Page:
Millions of TV viewers tonight tuned in to an unprecedented cross-channel TV broadcast of the new Band Aid video.
The film, to accompany the Band Aid 20 charity single, was screened at 5.55pm across all five British terrestrial networks and more than 20 cable and satellite channels.
It is thought to be one of the only occasions every major channel has screened the same material, an honour not even accorded to the Queen’s Speech.
The moving video features images from the recording of the charity single in London and news footage of famine in Africa.
Pop stars involved in the project were seen weeping as they watched images of suffering on the continent in a music studio ahead of the single’s recording on Saturday.
A Band Aid spokeswoman said of the multi-channel screening: “It is something completely unprecedented. I have never known even for a royal occasion to be shown on all channels like that.
“What we have got to make sure is that as many people as possible buy the single and I can’t think of a better way of doing that.”
US star Madonna, who performed at the original Band Aid concert, introduced the broadcast, imploring viewers to “feed the world“.
Over images of children ravaged by hunger, she said: “Once again, here we are 20 years later. More people die of hunger in Africa than war and Aids put together.
“In a world of plenty, it is hard to imagine that most African children will go to bed tonight hungry.
“Bob Geldof and his friends are here to remind you that we can never forget. Not ever. Feed the world. I am honoured to introduce Band Aid 20.”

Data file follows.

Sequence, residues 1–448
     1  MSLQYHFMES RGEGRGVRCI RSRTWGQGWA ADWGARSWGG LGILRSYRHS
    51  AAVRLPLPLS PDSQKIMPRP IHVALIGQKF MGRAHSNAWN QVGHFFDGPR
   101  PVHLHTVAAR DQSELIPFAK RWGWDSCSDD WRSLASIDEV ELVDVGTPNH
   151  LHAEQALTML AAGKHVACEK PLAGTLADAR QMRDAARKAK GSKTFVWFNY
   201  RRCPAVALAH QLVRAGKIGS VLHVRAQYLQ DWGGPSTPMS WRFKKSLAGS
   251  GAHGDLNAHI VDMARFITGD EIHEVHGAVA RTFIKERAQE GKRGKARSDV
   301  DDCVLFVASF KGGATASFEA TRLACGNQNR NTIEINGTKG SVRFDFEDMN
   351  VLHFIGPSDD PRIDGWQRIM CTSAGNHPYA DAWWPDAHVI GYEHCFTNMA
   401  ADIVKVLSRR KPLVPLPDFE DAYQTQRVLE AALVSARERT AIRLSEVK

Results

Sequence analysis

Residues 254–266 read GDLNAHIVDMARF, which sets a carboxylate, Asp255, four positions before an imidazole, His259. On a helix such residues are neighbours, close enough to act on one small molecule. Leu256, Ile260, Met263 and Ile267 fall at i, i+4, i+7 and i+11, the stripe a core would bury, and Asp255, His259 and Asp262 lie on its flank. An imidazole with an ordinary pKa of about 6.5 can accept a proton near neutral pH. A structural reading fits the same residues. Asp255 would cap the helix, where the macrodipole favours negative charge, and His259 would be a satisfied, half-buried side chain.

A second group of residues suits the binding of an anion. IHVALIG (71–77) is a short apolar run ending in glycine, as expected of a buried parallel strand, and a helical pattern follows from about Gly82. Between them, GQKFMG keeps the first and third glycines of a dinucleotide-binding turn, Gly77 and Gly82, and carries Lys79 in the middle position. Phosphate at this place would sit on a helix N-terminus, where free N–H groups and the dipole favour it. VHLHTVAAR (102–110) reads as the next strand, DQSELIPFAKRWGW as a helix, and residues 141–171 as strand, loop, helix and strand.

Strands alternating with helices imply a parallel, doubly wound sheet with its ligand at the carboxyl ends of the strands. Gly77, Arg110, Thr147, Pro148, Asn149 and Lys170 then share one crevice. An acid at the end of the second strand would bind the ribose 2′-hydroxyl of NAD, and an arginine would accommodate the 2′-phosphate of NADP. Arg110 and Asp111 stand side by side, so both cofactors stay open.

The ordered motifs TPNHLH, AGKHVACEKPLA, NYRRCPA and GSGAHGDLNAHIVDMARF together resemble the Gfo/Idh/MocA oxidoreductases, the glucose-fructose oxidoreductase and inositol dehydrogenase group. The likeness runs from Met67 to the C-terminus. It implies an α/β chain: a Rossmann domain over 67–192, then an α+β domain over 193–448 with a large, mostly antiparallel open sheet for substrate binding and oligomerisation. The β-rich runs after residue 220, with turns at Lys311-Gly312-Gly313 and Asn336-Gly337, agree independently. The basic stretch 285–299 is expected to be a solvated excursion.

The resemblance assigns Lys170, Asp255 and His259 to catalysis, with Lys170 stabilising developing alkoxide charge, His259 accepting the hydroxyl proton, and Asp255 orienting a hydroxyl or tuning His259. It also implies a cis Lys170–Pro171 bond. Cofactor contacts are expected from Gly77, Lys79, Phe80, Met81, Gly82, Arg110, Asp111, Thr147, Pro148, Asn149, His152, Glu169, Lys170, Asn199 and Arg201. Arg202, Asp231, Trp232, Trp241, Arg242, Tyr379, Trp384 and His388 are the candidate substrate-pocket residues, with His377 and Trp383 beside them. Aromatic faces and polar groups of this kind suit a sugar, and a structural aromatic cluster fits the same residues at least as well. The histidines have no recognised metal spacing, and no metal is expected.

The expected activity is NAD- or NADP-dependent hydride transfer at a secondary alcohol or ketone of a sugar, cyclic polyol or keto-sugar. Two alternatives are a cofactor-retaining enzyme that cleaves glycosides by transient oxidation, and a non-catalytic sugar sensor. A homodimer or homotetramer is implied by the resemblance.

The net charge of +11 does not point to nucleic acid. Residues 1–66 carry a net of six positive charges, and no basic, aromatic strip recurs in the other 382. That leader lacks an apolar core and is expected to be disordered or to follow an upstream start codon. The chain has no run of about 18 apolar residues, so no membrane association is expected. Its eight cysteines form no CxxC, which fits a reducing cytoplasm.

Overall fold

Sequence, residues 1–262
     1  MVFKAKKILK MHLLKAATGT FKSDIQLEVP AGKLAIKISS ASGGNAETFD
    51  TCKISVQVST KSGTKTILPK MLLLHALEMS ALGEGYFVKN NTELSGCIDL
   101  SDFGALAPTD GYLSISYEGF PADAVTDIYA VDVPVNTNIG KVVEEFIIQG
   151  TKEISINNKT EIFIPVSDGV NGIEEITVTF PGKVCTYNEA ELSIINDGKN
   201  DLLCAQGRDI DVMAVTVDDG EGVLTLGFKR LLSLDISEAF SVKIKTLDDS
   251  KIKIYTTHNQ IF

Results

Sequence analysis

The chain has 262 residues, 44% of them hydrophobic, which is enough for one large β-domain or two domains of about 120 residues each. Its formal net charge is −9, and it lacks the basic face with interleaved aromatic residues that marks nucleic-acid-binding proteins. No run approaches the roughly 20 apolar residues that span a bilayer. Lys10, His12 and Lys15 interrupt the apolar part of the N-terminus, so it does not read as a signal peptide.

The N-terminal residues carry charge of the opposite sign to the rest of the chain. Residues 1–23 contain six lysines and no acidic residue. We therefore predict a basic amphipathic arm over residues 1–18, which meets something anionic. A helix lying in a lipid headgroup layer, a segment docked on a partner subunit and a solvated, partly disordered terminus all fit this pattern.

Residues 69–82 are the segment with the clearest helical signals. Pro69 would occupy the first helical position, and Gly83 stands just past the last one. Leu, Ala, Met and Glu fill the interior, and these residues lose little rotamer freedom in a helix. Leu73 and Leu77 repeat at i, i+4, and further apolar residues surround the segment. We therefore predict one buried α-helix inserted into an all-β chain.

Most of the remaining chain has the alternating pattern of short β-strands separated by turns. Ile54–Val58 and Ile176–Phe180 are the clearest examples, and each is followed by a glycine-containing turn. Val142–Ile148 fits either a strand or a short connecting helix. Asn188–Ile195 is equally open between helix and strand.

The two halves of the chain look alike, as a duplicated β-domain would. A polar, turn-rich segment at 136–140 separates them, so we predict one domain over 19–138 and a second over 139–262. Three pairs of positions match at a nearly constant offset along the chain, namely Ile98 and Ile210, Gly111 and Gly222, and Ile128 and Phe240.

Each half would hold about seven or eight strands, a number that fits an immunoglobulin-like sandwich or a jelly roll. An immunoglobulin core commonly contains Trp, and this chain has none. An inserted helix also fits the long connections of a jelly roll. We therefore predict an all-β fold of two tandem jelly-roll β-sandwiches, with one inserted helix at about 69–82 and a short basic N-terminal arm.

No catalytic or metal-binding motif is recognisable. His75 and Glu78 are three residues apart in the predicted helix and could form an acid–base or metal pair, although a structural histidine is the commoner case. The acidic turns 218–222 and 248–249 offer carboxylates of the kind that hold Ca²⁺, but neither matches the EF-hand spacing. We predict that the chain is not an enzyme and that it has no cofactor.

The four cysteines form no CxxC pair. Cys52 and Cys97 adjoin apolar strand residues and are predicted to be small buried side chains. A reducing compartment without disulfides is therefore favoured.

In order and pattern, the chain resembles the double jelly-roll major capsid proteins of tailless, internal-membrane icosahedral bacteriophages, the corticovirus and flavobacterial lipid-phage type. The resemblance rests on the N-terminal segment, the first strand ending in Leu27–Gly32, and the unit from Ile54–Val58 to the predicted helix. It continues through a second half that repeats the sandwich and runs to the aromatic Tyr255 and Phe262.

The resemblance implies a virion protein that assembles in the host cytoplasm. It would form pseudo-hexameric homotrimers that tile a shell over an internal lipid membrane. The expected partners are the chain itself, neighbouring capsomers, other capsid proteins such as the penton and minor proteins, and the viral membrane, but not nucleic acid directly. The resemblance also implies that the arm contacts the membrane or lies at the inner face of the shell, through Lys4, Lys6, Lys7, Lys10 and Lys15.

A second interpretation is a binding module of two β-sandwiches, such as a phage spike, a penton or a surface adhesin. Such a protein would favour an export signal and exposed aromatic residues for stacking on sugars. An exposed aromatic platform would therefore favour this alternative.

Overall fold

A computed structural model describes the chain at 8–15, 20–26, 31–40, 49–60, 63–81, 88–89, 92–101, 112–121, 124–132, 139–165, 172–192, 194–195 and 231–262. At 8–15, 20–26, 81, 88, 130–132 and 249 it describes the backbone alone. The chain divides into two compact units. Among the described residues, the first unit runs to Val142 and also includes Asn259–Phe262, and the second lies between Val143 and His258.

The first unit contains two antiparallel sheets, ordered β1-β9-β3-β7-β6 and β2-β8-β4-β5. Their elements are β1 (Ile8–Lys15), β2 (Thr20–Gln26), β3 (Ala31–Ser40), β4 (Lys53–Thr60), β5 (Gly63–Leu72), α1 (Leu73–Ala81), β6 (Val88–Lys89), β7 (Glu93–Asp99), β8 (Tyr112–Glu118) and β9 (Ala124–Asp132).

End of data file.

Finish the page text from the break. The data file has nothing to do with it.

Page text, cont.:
The single, an update of 1984’s Do They Know It’s Christmas, features a host of figures from today’s pop world including Coldplay’s Chris Martin, Dido and Robbie Williams, who sing the opening of the song.
U2 frontman Bono reprises his famous “And tonight thank God it’s them instead of you” line from two decades ago.
Others including The Sugababes, Fran Healy from Travis, Justin Hawkins from The Darkness, Will Young, Jamelia, Ms Dynamite and Joss Stone also feature.
The video also offers viewers a chance to see the musicians who don’t sing on the record, including Sir Paul McCartney playing bass, Radiohead’s Thom Yorke on piano and Danny Goffey of Supergrass on drums.
Blur’s Damon Albarn is seen serving tea to his fellow singers.
However, Robin Eggar, a journalist who was at both the 1984 and 2004 recordings, said the new video can never have the same impact as the original.
“There’s a big difference from the first video, as now people are so used to seeing images of hunger and famine on their screens,” he said.
“When we turn on the TV to see Iraq or Darfur every day, the footage used in the video can’t be as dramatic.
“But I don’t think anyone could expect this video to have the same impact as the first, in 1984 it was a spontaneous event, this time it is more of a media creation.”
Viewing figures to determine how many people tuned in to see the video will be available tomorrow morning, though the National Grid said it did not notice any unusual upsurge in power needs whilst the film was aired.
The new single will be in the shops on November 29 and has long been tipped as the seasonal Number One.
It is also available to download from today and will be launched as a charity ringtone on Monday.